The Saratoga spittlebug, Aphrophora saratogensis (Fitch), is a destructive pest of young planted pines in the Lake States. The adults injure the pines by feeding on the sap of branches. However, nymphs feed on the sap of alternate host plants, which include many herbs and woody plants on the forest floor. Our studies show that the time of the eclosion and shortly thereafter is one of the most vulnerable periods in the insect's life cycle. During this period the nymphs must free themselves from the eggs that are on pine buds, vacate the pines, search out suitable host plants on the forest floor, initiate feeding, and cover themselves with masses of spittle. And they must do this before they desiccate (Ewan, 1961), starve, or are captured by predators.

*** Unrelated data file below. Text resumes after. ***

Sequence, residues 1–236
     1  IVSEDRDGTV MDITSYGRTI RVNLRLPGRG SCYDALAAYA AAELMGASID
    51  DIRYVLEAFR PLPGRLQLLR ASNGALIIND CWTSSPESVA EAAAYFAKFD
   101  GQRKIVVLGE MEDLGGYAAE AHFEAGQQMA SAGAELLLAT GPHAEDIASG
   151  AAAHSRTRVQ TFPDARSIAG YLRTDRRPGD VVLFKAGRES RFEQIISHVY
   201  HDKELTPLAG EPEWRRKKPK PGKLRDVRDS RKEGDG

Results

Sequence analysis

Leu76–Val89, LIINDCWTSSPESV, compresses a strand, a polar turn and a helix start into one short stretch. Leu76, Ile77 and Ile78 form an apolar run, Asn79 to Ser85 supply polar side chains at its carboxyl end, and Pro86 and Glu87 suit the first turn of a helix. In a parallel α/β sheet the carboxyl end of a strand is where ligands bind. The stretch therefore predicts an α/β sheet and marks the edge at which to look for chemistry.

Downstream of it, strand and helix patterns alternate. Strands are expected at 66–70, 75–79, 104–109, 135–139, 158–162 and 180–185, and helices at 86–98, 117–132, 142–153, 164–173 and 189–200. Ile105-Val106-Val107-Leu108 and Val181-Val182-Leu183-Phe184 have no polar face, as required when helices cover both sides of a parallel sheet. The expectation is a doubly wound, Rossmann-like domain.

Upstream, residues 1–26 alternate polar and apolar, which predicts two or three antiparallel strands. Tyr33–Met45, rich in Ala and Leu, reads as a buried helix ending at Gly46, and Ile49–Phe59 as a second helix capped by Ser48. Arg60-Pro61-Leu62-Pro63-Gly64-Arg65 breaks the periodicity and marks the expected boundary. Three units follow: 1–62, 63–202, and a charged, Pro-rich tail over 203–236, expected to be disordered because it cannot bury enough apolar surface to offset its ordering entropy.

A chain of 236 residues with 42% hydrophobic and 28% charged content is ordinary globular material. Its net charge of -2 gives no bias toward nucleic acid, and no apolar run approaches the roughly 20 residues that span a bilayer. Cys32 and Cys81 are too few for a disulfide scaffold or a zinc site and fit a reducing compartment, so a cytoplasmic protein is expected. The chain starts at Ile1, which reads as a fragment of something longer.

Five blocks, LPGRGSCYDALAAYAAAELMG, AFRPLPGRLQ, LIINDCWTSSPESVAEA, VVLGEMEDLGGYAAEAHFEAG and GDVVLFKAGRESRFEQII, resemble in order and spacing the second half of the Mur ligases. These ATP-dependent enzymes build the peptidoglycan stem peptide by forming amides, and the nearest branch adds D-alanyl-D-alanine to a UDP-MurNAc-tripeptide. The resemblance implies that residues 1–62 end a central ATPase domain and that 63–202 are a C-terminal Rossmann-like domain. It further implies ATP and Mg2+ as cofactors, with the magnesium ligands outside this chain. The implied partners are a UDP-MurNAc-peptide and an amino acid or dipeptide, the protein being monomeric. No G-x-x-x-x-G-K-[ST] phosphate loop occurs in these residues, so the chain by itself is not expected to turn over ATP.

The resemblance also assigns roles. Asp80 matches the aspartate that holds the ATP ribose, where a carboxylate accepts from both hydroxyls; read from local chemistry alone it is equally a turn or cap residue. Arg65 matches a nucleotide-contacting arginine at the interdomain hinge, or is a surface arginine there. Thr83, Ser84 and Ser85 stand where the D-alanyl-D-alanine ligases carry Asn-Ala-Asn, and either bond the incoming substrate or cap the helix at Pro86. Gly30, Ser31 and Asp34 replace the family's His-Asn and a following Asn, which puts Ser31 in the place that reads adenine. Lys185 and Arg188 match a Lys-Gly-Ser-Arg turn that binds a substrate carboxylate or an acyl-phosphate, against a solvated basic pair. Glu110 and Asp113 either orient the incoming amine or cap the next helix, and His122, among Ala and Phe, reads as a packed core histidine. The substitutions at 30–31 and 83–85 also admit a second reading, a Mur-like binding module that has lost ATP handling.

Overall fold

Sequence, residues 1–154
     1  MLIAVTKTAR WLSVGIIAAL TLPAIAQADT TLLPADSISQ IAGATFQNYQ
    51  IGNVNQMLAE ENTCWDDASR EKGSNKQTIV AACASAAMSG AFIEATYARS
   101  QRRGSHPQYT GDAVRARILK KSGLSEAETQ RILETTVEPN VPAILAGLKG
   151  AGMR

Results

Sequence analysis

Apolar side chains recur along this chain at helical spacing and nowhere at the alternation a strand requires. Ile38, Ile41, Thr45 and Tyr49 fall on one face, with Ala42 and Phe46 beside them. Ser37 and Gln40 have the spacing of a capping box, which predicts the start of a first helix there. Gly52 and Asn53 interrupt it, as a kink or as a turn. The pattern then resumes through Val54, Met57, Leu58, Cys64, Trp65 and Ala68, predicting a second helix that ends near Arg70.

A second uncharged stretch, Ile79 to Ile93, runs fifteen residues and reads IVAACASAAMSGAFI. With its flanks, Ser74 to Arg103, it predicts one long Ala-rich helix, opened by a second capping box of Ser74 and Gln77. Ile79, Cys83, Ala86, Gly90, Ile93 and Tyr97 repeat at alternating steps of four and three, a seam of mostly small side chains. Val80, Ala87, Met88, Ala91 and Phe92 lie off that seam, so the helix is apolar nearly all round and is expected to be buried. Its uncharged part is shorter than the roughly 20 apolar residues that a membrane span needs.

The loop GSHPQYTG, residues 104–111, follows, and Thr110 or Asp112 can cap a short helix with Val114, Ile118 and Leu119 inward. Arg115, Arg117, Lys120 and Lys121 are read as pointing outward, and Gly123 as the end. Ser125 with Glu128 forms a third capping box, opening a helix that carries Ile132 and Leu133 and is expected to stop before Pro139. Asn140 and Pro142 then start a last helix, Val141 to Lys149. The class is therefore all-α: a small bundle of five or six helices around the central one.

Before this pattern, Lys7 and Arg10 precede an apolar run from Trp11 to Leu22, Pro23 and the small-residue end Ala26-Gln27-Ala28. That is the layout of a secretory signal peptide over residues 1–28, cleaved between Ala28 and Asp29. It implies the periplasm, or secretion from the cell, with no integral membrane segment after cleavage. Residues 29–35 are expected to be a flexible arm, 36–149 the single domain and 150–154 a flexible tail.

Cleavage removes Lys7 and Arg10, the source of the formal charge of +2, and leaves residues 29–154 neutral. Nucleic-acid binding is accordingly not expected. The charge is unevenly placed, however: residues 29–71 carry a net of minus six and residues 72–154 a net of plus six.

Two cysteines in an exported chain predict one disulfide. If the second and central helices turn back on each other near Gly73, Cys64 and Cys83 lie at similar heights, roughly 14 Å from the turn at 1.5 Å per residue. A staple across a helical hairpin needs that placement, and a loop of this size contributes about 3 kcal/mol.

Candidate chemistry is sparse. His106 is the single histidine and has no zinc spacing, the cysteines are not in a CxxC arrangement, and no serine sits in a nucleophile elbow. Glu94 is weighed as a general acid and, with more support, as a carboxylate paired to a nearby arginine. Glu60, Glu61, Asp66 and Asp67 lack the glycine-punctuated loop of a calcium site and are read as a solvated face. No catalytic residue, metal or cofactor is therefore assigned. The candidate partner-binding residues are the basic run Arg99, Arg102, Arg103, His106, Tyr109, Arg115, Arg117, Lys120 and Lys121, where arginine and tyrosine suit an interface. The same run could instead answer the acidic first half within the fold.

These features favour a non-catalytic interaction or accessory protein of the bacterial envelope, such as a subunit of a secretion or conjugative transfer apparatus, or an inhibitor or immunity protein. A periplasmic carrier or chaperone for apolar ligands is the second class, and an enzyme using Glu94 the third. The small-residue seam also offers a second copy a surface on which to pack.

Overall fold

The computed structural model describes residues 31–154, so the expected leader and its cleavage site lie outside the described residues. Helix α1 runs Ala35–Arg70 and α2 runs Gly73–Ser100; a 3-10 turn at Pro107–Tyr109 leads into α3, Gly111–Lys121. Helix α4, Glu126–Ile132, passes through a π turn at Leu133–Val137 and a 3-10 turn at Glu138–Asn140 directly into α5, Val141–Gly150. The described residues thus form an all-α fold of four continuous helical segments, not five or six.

As part of a survival study we wanted to observe the nymphs at eclosion because their emergence and behavior pattern at that time would certainly affect their survival. In the Lake States area eclosion occurs from early April to late May, a period when weather varies greatly from cool and wet to warm and dry. Reported is the nymphal eclosion pattern during the peak of the eclosion periods in 1969 and 1970.
Wilson, Louis F. and Kennedy, Patrick C.
"Daily Eclosion Pattern of the Saratoga Spittlebug, Aphrophora Saratogensis (Fitch) (Homoptera: Cercopidae),"
The Great Lakes Entomologist, vol 7
Available at: https://scholar.valpo.edu/tgle/vol7/iss3/5